Elizabethan Theatre

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The Elizabethan Theatre

At the start, the plays were performed in the courtyard of Inns (Inn-yards). Which were very similar to the Greek and Roman amphitheatres. The plays were performed outdoors.

Theatre was one of the most profitable businesses of that time, similar to what the cinema has been during the 20th century, for this reason several playhouses were built. In some other cases, the plays were also performed in temporary stages. Playhouses were also used for gambling.

Theatres were only permitted in London city limits. The most popular venues were the Globe, the Theatre, Newington Butts, the Curtain Elizabethan Theatre, the Rose Theatre, the Swan Theatre, the Fortune Elizabethan Theatre, the Boars Head, the Bear Garden, the Bull Ring and the Hope Elizabethan Theatre. Women were not allowed to perform in the play and because of that, young boys used to play the female roles.

The venues were capable of hosting up to 3000 people at once. Queen Elizabeth loved watching plays, but she would only attend to those performed in indoor playhouses. She did not go to any of the amphitheatres.

The shape of the theatres was between octagonal and circular, between eight and twenty-four sides. The open air of the amphitheatre was called the pit or the yard. The stage was half way into the pit. The Hope theatre for example, had a raised stage on one end, surrounded by three galleries with roof and balconies that overlooked the back of the stage. There was no curtain or scenery, so the indication of where scene occurred was built into the words of the play. The audience had to pay special attention to the words in the play to know what was happening.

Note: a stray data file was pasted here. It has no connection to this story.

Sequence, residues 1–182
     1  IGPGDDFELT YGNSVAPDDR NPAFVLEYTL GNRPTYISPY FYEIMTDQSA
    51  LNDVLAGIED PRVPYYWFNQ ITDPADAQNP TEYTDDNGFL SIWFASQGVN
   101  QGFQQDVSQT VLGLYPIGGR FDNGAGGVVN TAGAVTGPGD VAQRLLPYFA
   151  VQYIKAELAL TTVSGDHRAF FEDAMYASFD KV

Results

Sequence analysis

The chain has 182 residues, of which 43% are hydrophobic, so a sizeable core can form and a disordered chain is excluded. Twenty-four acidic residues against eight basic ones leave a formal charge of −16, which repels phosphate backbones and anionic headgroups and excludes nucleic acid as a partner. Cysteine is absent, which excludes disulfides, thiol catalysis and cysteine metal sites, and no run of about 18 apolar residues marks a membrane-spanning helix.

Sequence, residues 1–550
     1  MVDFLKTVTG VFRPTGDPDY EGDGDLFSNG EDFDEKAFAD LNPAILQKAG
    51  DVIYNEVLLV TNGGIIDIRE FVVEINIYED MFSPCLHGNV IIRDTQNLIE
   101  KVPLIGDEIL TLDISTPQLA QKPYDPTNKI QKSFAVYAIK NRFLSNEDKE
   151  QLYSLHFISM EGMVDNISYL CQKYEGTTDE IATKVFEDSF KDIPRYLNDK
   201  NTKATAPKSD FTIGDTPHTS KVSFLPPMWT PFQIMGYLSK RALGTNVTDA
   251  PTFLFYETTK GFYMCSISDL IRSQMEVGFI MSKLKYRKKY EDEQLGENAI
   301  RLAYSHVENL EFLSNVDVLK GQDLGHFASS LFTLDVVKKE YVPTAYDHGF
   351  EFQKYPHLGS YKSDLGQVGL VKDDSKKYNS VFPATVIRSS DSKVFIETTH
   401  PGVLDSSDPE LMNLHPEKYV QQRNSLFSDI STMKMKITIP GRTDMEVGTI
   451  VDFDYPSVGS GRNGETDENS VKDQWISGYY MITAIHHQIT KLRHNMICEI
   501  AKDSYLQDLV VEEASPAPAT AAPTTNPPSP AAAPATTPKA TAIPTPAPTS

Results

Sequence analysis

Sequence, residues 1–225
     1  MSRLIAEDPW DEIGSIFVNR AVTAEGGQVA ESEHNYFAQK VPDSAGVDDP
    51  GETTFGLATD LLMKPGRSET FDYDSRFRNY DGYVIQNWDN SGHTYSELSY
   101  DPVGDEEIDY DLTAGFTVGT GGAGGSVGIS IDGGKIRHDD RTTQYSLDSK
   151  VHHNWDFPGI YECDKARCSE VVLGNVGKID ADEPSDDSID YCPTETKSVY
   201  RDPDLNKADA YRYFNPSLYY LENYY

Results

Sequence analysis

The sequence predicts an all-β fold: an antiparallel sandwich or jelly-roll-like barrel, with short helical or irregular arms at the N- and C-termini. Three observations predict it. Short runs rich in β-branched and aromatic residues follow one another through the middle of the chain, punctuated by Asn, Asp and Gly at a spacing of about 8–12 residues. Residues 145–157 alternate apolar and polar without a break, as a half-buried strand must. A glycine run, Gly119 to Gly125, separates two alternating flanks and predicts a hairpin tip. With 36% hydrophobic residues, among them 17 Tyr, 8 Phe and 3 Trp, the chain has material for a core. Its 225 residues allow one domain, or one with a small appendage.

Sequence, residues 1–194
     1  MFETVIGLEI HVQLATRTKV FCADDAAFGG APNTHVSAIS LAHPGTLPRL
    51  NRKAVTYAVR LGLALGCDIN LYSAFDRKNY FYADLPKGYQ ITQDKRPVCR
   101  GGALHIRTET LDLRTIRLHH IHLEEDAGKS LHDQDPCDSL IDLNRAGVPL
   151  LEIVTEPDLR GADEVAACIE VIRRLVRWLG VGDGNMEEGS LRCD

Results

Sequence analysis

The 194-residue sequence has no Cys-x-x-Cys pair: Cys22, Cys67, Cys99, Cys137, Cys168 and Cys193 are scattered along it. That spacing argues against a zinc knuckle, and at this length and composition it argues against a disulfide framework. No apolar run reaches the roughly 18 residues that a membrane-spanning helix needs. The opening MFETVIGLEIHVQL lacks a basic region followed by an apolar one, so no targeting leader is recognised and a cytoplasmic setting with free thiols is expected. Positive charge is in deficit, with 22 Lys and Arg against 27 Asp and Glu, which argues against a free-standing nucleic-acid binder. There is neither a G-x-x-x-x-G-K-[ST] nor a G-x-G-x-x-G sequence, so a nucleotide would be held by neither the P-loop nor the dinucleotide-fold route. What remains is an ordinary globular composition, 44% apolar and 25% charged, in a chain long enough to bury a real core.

The Acting Style during the Elizabethan period can be classified as melodramatic. The exaggerated display of emotions and the general conception of the characters are main characteristics of this. The costumes were expensive and a symbol of luxury and even when normal people were not allowed to use fancy

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